Her white hair was pulled so tightly away from her face and knotted on top of her head, stretching her wrinkled skin so that it morphed her face into something scary. Her high collared black dress disappeared into the colorless quilted cover that fell to the floor from her throne – the fourposter bed on which she lay against a mound of pillows. I stood there looking up at my grandmother, not moving. I was afraid. She looked like the witch I had seen in Snow White. This is the only memory of my father’s mother that I have stored. I’m not sure where those impressions are kept and what neurons are fired in my brain, but that is all I have saved. That one experience, that one moment in time, the snapshot saved of my father’s mother when I was four.
Maybe in reality she was not at all what I remember, but somehow a child’s eyes can be clairvoyant, more often than not. Stories I have heard since about my grandma fortify that perhaps I was able to see things as a four year old more clearly than the adults around me realized.
Seventy years later, my scary grandmother lives on through me in several ways. I have inherited the gene for her white hair and I also have her bed. My life has unfolded, year after year, while sleeping in the comfort of that big cherry fourposter. I have nursed three children, cried myself to sleep when I lost a husband, then my parents, and throughout many nights have kept my grandchildren safe from their ‘boogeyman dreams’ in my scary Grandma’s bed. And from the comfort of that old bed I have been blessed to have been awakened slowly by 15,330 beautiful Eastern sunrises popping over the New Jersey Shore hills.
My ancestors supposedly bought the German bed made of Kirscholz when they traveled from England to America. Large slats with high posts secured by substantial wooden screws hold the bed together, the horse hair mattress laid across the slats, provided them and the generations to follow, comfort fit for a king.*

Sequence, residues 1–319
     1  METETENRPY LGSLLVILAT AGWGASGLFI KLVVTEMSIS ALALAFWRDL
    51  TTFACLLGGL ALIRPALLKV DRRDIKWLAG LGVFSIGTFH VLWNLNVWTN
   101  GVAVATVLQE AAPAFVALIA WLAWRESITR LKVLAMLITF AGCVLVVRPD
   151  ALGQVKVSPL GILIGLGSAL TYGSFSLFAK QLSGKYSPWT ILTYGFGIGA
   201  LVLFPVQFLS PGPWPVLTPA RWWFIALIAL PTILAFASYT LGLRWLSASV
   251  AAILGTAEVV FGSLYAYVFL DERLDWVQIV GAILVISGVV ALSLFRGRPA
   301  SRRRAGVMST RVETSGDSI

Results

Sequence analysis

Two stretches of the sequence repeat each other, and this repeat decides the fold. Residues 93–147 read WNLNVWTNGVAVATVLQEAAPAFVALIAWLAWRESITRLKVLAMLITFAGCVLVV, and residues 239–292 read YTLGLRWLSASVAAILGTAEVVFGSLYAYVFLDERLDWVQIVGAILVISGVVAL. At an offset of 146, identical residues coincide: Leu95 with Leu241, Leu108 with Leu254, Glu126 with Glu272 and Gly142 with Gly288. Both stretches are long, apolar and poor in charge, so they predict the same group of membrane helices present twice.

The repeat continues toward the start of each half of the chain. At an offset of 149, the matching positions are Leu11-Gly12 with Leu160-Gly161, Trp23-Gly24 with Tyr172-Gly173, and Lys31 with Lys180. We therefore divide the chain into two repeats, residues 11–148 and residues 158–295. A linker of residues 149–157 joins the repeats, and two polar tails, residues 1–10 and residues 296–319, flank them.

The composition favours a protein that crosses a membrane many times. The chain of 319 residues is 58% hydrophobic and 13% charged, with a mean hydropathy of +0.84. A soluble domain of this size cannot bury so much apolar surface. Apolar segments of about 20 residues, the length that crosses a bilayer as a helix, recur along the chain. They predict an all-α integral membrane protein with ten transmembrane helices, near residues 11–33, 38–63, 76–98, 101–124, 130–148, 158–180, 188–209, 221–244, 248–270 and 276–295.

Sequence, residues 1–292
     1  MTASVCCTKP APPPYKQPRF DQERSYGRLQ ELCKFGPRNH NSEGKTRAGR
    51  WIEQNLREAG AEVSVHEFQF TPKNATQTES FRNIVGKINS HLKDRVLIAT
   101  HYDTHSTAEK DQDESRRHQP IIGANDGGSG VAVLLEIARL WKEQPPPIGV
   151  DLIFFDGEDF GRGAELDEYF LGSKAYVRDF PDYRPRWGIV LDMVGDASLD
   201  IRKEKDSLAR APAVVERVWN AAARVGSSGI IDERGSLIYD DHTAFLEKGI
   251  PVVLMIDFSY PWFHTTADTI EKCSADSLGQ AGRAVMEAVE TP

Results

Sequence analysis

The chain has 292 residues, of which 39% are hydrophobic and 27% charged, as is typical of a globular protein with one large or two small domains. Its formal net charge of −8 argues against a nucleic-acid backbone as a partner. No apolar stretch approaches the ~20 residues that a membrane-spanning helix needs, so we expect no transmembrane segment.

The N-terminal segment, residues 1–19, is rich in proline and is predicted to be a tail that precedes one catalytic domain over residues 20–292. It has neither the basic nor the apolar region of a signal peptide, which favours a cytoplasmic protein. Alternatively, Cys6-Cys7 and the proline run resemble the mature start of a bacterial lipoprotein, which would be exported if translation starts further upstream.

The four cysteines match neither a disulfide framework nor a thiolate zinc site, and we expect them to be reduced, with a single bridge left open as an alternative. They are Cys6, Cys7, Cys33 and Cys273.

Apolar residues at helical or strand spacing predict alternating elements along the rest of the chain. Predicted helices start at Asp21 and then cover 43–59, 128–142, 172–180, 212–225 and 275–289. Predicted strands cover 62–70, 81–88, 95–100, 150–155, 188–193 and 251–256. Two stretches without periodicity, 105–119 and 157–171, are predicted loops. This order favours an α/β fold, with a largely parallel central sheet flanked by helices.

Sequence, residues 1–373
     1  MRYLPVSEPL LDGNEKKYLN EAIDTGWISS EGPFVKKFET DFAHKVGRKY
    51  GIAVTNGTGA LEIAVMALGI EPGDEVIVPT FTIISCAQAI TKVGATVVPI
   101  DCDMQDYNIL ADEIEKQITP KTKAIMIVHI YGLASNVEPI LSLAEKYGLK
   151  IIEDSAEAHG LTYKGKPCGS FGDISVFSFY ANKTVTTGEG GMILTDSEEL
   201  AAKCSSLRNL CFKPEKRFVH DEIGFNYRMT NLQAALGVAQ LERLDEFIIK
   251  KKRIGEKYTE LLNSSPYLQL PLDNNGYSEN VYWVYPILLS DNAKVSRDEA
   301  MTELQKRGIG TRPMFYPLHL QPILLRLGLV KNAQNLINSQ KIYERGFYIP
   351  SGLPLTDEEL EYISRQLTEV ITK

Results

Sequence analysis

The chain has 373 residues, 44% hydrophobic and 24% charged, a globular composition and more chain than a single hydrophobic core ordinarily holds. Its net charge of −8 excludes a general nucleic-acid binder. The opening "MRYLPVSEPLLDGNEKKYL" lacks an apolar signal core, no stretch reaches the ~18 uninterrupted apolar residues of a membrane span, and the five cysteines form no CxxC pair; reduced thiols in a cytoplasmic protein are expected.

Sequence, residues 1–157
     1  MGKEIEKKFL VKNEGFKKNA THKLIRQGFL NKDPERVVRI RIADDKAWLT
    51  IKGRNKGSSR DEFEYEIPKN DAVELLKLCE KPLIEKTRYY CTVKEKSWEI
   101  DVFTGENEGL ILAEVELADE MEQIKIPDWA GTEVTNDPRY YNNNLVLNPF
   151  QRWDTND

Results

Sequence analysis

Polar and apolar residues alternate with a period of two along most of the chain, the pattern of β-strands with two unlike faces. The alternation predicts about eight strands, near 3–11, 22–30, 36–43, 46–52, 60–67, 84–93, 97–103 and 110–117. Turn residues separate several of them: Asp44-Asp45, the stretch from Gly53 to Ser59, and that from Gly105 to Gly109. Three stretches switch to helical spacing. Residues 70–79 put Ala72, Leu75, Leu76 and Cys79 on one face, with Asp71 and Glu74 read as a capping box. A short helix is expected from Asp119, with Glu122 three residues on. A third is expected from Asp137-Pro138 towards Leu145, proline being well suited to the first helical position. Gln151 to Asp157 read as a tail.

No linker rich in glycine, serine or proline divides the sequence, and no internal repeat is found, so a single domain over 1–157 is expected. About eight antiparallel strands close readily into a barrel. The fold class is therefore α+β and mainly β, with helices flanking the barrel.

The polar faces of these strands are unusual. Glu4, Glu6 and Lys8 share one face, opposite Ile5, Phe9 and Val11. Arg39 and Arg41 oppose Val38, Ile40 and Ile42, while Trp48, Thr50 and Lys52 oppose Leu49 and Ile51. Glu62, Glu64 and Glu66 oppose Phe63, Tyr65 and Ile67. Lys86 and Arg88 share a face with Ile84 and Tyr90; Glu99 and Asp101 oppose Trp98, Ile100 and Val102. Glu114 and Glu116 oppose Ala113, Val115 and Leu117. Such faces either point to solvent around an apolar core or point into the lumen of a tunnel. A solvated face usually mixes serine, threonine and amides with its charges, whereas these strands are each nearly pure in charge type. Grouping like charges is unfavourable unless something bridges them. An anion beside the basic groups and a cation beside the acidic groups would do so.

I was told by my father that William Tecumseh Sherman, a relative of my great, great grandmother Sherman has slept in my bed. Whether this is true or not, I have no proof, but my father, a southerner, always called it “The Burning Bed,” referring to Sherman’s march through Atlanta. I have a suspicion that is why the valuable bed that my Ohio mother loved, in his eyes, was not so valuable to him and therefore, his Yankee daughter was more than welcome to it.
So I guess what it all comes down to is the eye of the beholder. My scary grandmother through the eyes of a four-year-old, maybe wasn’t so, so scary after all, but just very ill, and the ‘Burning Bed’ through the eyes of a southern gentleman was really just a beautiful work of German craftsmanship. In most things in life, it comes down to one’s interpretation. Our brain gathers the information, maps it, and then we interpret it in our own way because of prior impressions.
My son will get the poster bed this summer and it will begin a new life with another generation. Yankee based since 1949, she will travel to Nashville to live in a bedroom in a lovely plantation house in Confederate country. She will be loved and well taken care of. I think that will suit her just fine. General Sherman may roll over in his grave, but that is another story for another time.
* Horse hair mattresses priced in six figures last for years and years and are now owned by mainly royalty and billionaires.
Copyright 2014 Sandra Hart. All rights reserved.